Why make specimens?
Well-made and labelled herbarium specimens provide valuable records and proof that a plant was growing in a particular place at a given time for conservation and research needs, including the cataloguing of biodiversity. (Scientists obtain location and flowering details to recollect plant material, organise expeditions, etc.)
Voucher specimens show exactly what species earlier scientists had been working on and what their published results refer to.
They provide a resource to identify further specimens by effective matching. Specimens can be sent away through the post to experts for identification. This has become more common with the increasing need of environmental impact assessments before the start of construction projects. We receive many samples to identify at Reading, many are impossible or time consuming, simply because they are too fragmentary or lack data. Good specimens are more easily identified.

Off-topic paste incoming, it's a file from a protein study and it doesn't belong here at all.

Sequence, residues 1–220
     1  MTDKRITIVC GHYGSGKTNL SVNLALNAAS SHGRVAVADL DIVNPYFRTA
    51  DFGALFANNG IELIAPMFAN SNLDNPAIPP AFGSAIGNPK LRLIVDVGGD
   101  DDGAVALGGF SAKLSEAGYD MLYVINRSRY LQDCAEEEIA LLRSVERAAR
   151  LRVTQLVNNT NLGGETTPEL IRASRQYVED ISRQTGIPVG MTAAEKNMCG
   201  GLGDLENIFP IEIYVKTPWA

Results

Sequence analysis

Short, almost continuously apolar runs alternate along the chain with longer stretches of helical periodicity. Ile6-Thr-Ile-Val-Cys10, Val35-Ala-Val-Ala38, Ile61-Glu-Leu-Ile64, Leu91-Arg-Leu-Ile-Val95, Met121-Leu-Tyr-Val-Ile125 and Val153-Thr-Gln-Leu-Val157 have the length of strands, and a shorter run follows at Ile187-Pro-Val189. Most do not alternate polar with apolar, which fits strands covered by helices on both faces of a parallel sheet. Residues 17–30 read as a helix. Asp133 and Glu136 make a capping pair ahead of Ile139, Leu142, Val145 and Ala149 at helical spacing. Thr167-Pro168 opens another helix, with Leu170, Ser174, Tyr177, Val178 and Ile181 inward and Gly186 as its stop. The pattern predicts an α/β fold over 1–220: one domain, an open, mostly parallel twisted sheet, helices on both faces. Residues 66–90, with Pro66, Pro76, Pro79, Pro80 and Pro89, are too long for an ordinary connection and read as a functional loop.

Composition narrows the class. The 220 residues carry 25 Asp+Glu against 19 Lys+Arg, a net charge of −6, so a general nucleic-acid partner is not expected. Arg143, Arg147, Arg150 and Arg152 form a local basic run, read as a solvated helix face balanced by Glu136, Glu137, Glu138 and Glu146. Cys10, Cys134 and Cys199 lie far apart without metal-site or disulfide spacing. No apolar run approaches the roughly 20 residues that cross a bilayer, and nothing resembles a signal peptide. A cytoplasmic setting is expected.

They provide a source of plant material for taxonomic and botanical research. Samples from herbarium specimens are routinely used for leaf anatomy, phytochemical screening, pollen studies, DNA extraction, the production of Floras, field guides, monographs, etc. Nowadays much work is done directly from the digital images of specimens sent over the Internet.
Collecting plant material is a good way to learn the names and characteristics of plants, beside being an interesting hobby which takes you out and about. You can build your own collection for personal use or donate specimens by agreement to a museum or institutional herbarium for research and reference by all. Conservation guidelines are presented elsewhere